Jeep Draws In Customers With Marvel Comics

DETROIT When it comes to the 2007 Jeep Patriot, it’s all about the kids, or geeks, whichever fits. Jeep and Marvel Comics are letting customers write their own comic strip, called the “Patriot Factor,” which features four protagonists, some bad guys, a bit of noir-style intrigue and, of course, a Jeep Patriot.

Starting at noon today, consumers can visit and propose their own storylines. Those who are selected as being particularly proficient in developing the drama will get co-author credit on a 28-page book of the completed tale, which will be published in late March or early April.

Readers can propose action and dialogue for each panel of the series. Submissions to the site will be reviewed by a team of Jeep and Marvel reps before anything goes online. The first 100,000 people who register at the site will receive a copy of the book.

The Patriot, a crossover that will arrive in dealerships in the next month, is aimed at educated young professionals in their early 20s to early 40s,(with a household income of $65,000 and up, skewing about 55-60 percent male. Teaming up with Marvel gives Jeep a perfect shot at guys in their 20s, which is Marvel’s core demographic.

In the past year, Marvel has also hooked up with fellow Chrysler badge Dodge in a deal that included product placement of the Caliber, a vehicle with roughly the same target as the Patriot, which was found on billboards and cityscapes in some of Marvel’s comics. The placement was part of a deal that included a larger ad buy for print spots in comic books.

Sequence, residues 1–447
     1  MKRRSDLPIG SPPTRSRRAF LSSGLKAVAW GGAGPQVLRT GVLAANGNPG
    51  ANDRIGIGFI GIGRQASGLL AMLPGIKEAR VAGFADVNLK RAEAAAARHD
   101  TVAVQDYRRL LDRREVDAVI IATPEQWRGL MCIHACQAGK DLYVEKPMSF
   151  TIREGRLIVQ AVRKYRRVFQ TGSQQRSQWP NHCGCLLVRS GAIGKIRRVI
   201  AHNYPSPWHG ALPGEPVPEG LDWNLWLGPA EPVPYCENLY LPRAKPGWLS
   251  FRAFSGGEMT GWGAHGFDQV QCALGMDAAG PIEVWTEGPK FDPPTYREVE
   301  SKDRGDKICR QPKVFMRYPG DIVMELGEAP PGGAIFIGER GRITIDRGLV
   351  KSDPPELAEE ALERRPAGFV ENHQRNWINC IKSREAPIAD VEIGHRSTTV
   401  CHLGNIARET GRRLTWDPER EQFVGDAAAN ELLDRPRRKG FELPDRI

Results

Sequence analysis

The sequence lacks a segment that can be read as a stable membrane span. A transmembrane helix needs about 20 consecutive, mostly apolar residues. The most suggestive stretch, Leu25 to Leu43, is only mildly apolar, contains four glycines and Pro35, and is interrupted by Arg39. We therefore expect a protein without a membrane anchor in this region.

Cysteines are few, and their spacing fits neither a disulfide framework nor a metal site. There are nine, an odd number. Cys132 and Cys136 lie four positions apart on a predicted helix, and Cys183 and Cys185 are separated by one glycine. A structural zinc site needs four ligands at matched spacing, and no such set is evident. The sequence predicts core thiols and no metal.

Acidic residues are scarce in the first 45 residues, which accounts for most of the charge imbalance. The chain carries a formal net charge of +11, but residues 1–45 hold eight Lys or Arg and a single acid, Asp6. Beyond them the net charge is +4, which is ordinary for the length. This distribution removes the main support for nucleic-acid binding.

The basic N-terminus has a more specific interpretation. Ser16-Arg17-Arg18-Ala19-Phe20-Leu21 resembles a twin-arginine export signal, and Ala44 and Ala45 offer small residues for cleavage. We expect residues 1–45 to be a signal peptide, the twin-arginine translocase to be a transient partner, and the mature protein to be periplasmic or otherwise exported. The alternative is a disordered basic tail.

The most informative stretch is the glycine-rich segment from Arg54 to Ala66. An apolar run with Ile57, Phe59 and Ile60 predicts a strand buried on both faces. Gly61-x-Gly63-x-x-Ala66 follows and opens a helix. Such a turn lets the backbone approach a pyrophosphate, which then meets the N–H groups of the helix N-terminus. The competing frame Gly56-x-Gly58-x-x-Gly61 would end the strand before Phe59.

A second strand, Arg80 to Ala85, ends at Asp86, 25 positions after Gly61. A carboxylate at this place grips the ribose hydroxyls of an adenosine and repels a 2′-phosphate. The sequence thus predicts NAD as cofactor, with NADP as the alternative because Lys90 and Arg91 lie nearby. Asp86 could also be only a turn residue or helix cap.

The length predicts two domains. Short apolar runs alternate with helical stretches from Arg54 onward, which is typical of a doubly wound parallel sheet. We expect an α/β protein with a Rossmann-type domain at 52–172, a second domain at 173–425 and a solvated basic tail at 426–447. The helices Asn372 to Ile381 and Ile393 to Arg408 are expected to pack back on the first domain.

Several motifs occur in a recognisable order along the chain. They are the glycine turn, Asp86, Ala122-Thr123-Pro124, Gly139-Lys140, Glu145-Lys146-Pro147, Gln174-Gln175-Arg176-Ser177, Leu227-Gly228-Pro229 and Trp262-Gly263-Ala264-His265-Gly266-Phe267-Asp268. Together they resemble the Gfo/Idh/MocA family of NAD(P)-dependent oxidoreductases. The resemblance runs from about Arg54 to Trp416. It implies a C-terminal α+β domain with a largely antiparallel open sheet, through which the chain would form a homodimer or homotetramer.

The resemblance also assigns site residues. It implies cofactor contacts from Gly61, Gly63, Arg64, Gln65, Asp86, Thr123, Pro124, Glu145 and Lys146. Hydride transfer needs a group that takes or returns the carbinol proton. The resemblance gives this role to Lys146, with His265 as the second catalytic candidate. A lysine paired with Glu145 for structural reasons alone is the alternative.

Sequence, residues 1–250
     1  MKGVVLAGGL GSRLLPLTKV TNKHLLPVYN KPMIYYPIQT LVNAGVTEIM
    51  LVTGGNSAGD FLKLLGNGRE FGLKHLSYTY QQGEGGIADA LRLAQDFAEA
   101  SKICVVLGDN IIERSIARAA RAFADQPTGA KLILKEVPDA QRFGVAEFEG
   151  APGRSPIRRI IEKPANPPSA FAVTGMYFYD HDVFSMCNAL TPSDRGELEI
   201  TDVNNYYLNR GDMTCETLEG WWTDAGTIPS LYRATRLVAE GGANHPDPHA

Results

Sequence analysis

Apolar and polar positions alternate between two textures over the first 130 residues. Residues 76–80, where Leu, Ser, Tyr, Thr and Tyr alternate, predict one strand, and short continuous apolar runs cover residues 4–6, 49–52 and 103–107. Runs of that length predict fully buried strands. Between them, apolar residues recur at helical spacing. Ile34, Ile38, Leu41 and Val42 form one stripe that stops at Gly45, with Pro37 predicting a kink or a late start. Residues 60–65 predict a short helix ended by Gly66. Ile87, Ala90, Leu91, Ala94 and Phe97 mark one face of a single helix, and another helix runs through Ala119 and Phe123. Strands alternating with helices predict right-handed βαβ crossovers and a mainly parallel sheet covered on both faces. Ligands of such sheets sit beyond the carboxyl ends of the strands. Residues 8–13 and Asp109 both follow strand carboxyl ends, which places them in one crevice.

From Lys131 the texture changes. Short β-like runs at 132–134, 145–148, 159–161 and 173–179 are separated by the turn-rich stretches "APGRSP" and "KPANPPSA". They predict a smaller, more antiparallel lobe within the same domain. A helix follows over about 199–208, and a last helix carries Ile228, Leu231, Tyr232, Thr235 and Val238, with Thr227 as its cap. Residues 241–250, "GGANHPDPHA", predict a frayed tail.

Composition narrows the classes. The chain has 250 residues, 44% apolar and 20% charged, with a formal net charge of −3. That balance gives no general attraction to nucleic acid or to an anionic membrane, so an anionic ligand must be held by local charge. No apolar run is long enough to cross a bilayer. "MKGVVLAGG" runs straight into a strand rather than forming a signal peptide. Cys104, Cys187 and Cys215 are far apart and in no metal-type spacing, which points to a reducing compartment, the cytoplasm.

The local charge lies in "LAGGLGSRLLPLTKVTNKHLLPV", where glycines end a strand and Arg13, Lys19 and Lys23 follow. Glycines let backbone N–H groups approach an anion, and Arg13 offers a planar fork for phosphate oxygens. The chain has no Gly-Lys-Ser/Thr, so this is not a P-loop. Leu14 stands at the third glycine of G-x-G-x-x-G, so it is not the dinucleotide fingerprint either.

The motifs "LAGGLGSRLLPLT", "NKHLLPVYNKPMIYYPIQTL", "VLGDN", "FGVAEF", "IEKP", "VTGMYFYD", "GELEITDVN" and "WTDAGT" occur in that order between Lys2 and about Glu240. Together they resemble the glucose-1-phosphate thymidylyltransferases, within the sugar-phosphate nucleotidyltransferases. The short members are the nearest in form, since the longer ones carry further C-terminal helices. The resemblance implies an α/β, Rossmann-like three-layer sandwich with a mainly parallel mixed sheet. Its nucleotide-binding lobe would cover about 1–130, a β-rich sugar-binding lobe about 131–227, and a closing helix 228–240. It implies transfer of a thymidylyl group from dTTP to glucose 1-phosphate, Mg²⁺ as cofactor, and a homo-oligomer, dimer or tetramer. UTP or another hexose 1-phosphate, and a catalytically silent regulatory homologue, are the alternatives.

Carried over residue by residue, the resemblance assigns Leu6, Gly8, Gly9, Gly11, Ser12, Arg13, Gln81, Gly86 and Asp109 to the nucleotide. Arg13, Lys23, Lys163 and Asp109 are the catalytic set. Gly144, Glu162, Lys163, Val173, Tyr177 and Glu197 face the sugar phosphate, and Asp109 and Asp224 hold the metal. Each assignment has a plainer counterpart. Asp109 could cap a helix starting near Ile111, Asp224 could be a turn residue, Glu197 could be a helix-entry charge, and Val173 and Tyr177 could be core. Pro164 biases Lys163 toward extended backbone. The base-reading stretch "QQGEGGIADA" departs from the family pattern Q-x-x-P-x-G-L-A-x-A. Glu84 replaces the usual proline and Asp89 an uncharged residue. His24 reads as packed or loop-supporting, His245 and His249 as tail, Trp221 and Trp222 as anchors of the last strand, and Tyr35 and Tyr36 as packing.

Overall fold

Marvel is also currently involved with Mazda via an exhibit at the Ontario Science Centre in Toronto, where kids can step into a Marvel-designed “suit of armor” and lift a CX-7 CUV. The comic book promotion for the Jeep Patriot kicks off a larger campaign that will pick up steam through broadcast and print ads as the Patriot begins to show up on car lots. A Chrysler rep said that Marvel and the comic book characters from the “Patriot Factor” may appear in future creative for the campaign.

“At a base price of $14,985, the 2007 Jeep Patriot is designed to attract a younger customer who has always wanted a Jeep but couldn’t afford one,” Jay Kuhnie, director of Jeep communications, said in a statement. “While there have been online comic books before, ‘The Patriot Factor’ is unique because it uses product integration to help initiate and sustain a creative collaboration between artist and reader.”

Jeep spent $326 million on ads last year through November, per Nielsen Monitor-Plus.

The first five pages of the story will go online today, with pages six and seven awaiting input from readers. The eighth page is also provided, giving some guidance as to the direction of the story, but most of it is left to consumer input.